These changes could lead to significant progress, more than smaller changes you may make later as you gain momentum in your financial freedom journey.
More from U.S. News & World Report
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In this economy, it's easier said than done for even some of the most frugal people. A friend, who is a CPA, has always had a good-paying job, and who is one of the biggest tight-a**es in the world when it comes to money, is struggling to keep his family supported. He's been let go from 2 good-paying jobs. The first was because of the gas crunch that helped to devastate the economy. The last was because of Obamacare. (his boss flat-out admitted that was why). Now he can only find part-time employment, (in large part because of Obamacare... very few companies are hiring full-time employees). A man who used to support his family with ease, who has never been a big spender, is now struggling financially just to make it from one week to another.
How's that "hope and change" looking...?
This article does make some good points. Prioritize your spending. I know people who can't make their mortgage payment, but have a new smart phone every 6 months, unlimited data, digital HD cable, internet, PS3, 20+ games for said PS3... their cable and internet and cell phones never get shut off, but their mortgage goes unpaid... priorities.
We all 'want' nice things, but we don't 'need' nice things. Thank goodness my wife is stingy with our money... I have a tendency to 'want' more than we 'need'. Then again, I do have to force her to do something for herself every now and then.
If you're living paycheck to paycheck, cut back on those things, cable, cell phone (what??), X-Box Live subscription, internet... (what??), yeah there was life before cell phones and home internet. People will have to learn to leave a message on your land line, and you may have to visit the library more often or borrow your neighbors wifi every now and then to check your email. I used to drive to my parents house, sit in their driveway and use their internet to do my on-line class and turn in assignments when I couldn't afford internet while I was unemployed.
refinancing your house, paying off high-interest credit card debt" This is an extremely UNwise thing to do. Why trade unsecured debt for secured debt? If you default on Credit Card debt the worst thing that happens is you will have bad credit. In rare cases in some states you may risk having your wages garnished. However if you default on a 2nd mortgage you face the real risk of foreclosure. Never consolidate your unsecured debt with secured debt.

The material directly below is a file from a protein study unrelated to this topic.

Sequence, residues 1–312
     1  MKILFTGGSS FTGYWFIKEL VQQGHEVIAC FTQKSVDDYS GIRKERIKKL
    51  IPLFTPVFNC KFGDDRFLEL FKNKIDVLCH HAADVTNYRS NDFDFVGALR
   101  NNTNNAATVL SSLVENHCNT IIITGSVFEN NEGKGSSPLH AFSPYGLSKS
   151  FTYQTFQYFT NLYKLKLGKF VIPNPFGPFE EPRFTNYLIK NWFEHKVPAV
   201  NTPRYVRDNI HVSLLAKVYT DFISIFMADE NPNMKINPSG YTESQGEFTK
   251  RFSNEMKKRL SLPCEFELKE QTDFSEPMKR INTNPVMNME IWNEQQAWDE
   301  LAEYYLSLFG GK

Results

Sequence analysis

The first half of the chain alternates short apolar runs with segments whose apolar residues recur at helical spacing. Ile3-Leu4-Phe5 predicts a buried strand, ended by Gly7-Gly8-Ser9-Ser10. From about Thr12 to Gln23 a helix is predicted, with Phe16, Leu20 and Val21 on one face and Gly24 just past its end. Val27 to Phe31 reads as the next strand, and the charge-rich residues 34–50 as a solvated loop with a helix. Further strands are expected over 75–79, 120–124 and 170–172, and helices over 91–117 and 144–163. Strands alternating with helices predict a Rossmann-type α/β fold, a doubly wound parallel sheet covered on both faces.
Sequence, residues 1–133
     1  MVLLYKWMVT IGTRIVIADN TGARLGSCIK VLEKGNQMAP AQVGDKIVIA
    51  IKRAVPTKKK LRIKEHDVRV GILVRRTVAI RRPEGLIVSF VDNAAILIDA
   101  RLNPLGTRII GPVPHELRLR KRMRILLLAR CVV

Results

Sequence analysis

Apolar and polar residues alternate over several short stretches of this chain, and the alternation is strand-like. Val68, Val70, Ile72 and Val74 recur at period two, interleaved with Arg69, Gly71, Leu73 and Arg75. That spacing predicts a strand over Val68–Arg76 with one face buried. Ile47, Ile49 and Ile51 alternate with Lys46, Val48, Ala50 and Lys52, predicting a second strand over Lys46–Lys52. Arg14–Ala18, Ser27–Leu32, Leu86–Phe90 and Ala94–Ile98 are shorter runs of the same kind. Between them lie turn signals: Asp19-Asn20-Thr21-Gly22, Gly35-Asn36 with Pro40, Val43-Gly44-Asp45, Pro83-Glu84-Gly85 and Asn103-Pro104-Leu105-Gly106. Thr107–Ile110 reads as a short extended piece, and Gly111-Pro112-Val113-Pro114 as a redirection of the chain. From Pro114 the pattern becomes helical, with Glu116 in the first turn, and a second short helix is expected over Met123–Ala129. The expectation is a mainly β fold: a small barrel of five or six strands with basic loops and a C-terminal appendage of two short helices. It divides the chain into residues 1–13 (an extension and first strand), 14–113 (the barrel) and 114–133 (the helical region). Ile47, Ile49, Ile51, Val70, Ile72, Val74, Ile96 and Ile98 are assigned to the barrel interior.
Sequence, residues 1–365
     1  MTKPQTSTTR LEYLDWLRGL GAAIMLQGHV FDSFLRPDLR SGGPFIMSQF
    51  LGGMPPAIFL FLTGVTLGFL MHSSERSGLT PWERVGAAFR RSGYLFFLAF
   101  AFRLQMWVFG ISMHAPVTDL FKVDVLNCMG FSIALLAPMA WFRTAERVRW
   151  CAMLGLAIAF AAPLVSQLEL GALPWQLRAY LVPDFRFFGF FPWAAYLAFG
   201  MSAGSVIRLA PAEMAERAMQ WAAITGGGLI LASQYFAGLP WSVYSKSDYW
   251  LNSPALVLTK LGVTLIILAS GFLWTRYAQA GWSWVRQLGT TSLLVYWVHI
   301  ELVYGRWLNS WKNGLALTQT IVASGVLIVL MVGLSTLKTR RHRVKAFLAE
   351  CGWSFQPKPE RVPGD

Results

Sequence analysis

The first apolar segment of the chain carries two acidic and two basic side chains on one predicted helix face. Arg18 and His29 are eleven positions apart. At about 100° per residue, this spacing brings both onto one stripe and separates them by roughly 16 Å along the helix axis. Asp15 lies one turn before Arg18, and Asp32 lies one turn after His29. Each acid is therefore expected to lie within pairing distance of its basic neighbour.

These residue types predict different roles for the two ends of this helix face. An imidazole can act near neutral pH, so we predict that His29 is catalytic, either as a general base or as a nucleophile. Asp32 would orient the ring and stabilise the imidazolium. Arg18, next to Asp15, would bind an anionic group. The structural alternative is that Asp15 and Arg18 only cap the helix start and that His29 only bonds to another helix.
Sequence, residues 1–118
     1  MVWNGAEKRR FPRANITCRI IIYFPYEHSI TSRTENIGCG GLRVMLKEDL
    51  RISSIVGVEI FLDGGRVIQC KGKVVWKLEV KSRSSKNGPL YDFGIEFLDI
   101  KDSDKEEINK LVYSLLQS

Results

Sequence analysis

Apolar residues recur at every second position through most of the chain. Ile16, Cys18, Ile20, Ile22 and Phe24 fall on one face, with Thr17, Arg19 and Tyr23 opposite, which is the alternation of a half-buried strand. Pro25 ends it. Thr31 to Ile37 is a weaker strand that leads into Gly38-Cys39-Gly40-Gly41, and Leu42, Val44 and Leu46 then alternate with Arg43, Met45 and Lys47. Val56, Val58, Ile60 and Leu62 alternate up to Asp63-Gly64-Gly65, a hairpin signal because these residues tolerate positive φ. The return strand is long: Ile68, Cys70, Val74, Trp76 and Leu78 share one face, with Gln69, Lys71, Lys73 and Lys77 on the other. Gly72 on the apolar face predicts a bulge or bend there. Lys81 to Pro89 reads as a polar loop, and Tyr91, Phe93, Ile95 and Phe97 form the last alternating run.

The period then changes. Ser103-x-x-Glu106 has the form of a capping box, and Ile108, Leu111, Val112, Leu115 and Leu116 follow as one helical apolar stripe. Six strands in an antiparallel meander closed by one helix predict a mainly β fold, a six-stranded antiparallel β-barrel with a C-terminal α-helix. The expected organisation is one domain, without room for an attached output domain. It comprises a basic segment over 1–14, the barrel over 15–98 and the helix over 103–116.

Moreover if you are an undisciplined spender which most are that have to get consolidation loans, that extra money at the end of every month will burn a hole in your pocket and you will just spend/waste it anyway. Or worse, you will . open up those paid off credit cards again, then you will be in worse shape than before .
ASK yourself, when tempted to buy something, "Can I Afford It" That is also the title of a good segment on the Suze Ormon Show, Sat nights at 9:00PM on CNBC If you cant pay cash, you cant afford it. Say NO to your kids and yourself on all the 1001 things that you don't need. Then you will soon NOT be living paycheck to paycheck.
Live below your means.
Everyday you see people with these nice "things" cars jewelry, houses, newest cell phones ect. but then at work you hear them complain of bills and debt and what not.
If people would just realize you don't need a new car when a used on of the same model will work just fine, or the hottest new phone has no new feature they'd use over the previous one they would be in better shape.
Also if you have direct deposit break your check into different accounts I put 7% in an emergency fund account and another 7% in another account to save for a house, car ect .
#1: Stop voting Democrat
#2: Never lease, buy 2 year old used.
#3. Buy store brand products
#4. Drop the gym membership, you're fat, accept it.